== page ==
MARSHALL: I think a part of why they're restructuring it is because they weren't being trained adequately. And so I think it was almost a re-emphasis on what TRADOC wants as a product.

JOHNSTON: It's another way to get the Army on the same page and move away from teaching tactics, techniques and principals and combat lessons. To get one standard across the board that at least everyone will be measured to, the problem is that a lot of Soldiers are being sent to FORSCOM and are being trained differently. The thing is, I didn't even know about them before I became a drill sergeant. I stayed with my infantry battle drills, my 7-8.

And a lot of the drills didn't even match. So you had a bunch of drill sergeants teaching what they know. Certain manuals don't mix. The Soldier's handbook had a lot of information that was incorrect. For example, characters of the M240B didn't match the FMs. So you have different manuals and what am I, as an NCO, going to teach off of' An initial-entry manual' Or am I going to teach off of the field manual that the United States Army puts out' I'm going to teach off of the field manual.

MARSHALL: Lt. Gen. Hertling has emphasized strict doctrine adherence. He wants people teaching what the doctrine says. I don't have a problem with that as long as I know that's what expected. But if there are three different manuals that say something different, you're going to teach your private what will benefit them in the field.

JOHNSTON: [Lt. Gen. Hertling is] going to take it where it needs to be and get it back to a consistent doctrine. When he goes down to an installation, he doesn't budge. Everyone has to be on the same page. For basic training, you're going to have the same product, and I think that's the coolest thing.

What can you tell me about the 2010 Drill Sergeant of the Year competition'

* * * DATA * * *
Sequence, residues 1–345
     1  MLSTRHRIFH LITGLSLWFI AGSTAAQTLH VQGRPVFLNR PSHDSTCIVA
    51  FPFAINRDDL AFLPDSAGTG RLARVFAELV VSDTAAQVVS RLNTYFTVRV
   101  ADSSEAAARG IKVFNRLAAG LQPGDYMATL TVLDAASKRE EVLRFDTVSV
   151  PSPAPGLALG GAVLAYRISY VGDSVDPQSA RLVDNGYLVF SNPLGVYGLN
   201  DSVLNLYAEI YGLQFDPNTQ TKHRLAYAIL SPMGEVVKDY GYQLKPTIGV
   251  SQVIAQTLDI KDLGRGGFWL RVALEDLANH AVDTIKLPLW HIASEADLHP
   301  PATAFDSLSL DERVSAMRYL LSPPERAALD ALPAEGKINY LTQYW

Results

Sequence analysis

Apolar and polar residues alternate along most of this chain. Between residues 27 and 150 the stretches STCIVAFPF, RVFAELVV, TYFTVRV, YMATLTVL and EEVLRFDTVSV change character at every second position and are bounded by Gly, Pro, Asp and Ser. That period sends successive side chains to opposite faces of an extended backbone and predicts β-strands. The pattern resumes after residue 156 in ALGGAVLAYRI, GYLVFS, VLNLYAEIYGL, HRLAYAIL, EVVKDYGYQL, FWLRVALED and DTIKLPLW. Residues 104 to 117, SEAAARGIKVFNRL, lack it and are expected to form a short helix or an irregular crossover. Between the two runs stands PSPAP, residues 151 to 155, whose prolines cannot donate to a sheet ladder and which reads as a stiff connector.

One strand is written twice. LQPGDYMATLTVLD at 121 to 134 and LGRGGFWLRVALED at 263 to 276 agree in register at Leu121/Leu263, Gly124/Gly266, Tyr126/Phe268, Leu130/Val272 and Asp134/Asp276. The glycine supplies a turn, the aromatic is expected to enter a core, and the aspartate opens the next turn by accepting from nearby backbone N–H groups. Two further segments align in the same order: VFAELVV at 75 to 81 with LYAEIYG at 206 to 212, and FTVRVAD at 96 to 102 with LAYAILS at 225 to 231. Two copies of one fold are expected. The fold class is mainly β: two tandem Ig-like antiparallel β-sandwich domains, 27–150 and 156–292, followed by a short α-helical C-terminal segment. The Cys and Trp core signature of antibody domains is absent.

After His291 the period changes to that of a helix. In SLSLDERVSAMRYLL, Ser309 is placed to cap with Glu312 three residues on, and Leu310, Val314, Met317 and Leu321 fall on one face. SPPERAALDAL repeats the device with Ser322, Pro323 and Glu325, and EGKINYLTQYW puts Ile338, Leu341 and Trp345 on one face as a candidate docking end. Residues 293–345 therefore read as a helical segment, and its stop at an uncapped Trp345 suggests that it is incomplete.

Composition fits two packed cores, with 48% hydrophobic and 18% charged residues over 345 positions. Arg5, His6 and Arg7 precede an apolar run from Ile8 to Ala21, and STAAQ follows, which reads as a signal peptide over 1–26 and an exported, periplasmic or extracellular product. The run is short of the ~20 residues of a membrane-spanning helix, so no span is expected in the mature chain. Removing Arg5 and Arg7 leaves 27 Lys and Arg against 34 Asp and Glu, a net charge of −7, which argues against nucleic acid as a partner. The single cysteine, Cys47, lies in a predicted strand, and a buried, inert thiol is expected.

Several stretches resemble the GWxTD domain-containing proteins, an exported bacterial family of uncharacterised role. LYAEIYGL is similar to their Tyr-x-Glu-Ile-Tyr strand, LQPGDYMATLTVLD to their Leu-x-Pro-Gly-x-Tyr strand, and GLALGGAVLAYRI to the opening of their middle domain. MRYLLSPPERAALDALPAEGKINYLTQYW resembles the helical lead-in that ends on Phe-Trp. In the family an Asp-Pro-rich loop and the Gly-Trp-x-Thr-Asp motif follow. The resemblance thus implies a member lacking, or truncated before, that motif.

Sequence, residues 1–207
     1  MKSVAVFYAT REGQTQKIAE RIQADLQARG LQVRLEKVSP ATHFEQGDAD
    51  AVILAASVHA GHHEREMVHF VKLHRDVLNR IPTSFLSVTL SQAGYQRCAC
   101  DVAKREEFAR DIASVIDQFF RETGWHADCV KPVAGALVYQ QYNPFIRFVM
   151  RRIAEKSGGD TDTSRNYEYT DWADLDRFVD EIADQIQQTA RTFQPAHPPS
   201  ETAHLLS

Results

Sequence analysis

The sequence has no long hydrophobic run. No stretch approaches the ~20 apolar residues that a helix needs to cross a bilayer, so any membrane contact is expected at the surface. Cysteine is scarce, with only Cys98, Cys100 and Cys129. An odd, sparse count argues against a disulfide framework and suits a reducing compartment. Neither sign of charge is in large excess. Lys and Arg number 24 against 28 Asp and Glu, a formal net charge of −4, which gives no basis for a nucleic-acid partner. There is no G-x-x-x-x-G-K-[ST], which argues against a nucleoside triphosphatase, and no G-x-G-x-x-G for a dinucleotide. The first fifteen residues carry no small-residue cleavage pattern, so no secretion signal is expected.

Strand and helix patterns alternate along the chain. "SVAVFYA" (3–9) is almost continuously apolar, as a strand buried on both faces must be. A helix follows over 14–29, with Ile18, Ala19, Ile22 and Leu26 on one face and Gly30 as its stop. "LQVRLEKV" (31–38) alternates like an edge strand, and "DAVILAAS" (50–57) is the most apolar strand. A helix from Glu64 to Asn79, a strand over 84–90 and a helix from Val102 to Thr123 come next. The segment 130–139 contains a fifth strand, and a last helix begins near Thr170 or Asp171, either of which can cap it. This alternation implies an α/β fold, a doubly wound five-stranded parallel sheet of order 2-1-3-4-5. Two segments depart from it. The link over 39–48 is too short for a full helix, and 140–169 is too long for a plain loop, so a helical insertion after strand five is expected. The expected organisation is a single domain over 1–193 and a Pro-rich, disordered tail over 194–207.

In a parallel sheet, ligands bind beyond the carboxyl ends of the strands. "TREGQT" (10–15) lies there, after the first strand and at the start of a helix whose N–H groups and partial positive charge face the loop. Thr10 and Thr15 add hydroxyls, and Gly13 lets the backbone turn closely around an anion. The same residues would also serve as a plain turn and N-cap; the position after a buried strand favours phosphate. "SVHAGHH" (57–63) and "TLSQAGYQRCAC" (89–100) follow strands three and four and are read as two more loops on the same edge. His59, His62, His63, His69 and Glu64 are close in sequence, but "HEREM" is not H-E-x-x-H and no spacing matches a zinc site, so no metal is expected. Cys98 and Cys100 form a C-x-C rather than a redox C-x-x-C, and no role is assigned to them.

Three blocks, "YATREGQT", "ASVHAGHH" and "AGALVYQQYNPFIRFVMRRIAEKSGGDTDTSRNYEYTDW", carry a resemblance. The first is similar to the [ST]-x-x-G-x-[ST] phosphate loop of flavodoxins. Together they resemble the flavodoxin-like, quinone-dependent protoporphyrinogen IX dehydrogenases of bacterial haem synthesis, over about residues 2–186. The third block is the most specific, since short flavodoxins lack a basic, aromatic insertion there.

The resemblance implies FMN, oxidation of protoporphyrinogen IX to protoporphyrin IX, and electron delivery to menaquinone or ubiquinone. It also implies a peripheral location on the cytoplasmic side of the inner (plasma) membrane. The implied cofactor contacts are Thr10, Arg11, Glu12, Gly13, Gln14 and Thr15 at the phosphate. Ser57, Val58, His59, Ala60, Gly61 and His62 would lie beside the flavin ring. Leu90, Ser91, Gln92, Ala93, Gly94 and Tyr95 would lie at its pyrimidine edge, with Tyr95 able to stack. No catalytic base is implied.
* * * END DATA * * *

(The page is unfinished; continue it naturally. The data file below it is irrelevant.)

JOHNSTON: This is a competition. That's what it is. The board is only 15 minutes of the whole event. What we're trying to do is pick a representative who will represent all the active and Reserve [sergeants, staff sergeants and sergeants first class]. It's very important we get this right. That's why it's a competition and not just a board. If you win that competition, you deserve it without a doubt. There's no one who can tell you differently. The competition has so many events. Through all the drill sergeants who compete, you earn that title. We're asking for the best of the best.

Do you have any closing comments'

JOHNSTON: I think we as drill sergeants continually need to remind ourselves of what we do. We instill discipline [and] reinforce standards, and we train soldiers. That's our job. Right now as drill sergeants, I see the biggest problem is that drill sergeants think they need to go home at 4:00 at night and their day is over. I know guys who have worked from 4:30 a.m. to nine at night. But there's one drill sergeant with that platoon from Day One. I think the thing drill sergeants can improve on are the things we can control. I've heard a drill sergeant say that privates have no discipline, but that private doesn't stand at parade rest for that drill sergeant. Why didn't he correct it there and then' I think we as drill sergeants need to get better at instilling discipline, setting the standard, training to the standard and professionalism. We kill ourselves with the rules because those are the things that we've messed up before, but everything is put into place to protect us and others.

MARSHALL: I'm not a big creed or motto person, but I know in the NCO creed it says that "I will not forget and I will not let my comrades forget that we are noncommissioned officers." I've been guilty of that myself, but even those who uphold the standard go home and complain about those who don't. Well, why didn't you call him on it or say something about it' And even if they outrank you, you need to be respectful about it, and if they're lower ranking, then it becomes your responsibility to correct them and fix it with them. But we need to get to a point where we hold each other accountable to the standard. I think that's going to make or break our Army in the future.

To learn more about the 2010 Drill Sergeant of the Year Competition, June 14-18 on Fort Monroe and Fort Eustis, Va., go here: